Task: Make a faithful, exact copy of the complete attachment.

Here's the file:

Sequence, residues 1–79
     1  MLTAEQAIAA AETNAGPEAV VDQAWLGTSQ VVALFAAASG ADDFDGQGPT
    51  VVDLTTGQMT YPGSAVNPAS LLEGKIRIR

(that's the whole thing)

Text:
Sequence, residues 1–79
     1  MLTAEQAIAA AETNAGPEAV VDQAWLGTSQ VVALFAAASG ADDFDGQGPT
    51  VVDLTTGQMT YPGSAVNPAS LLEGKIRIR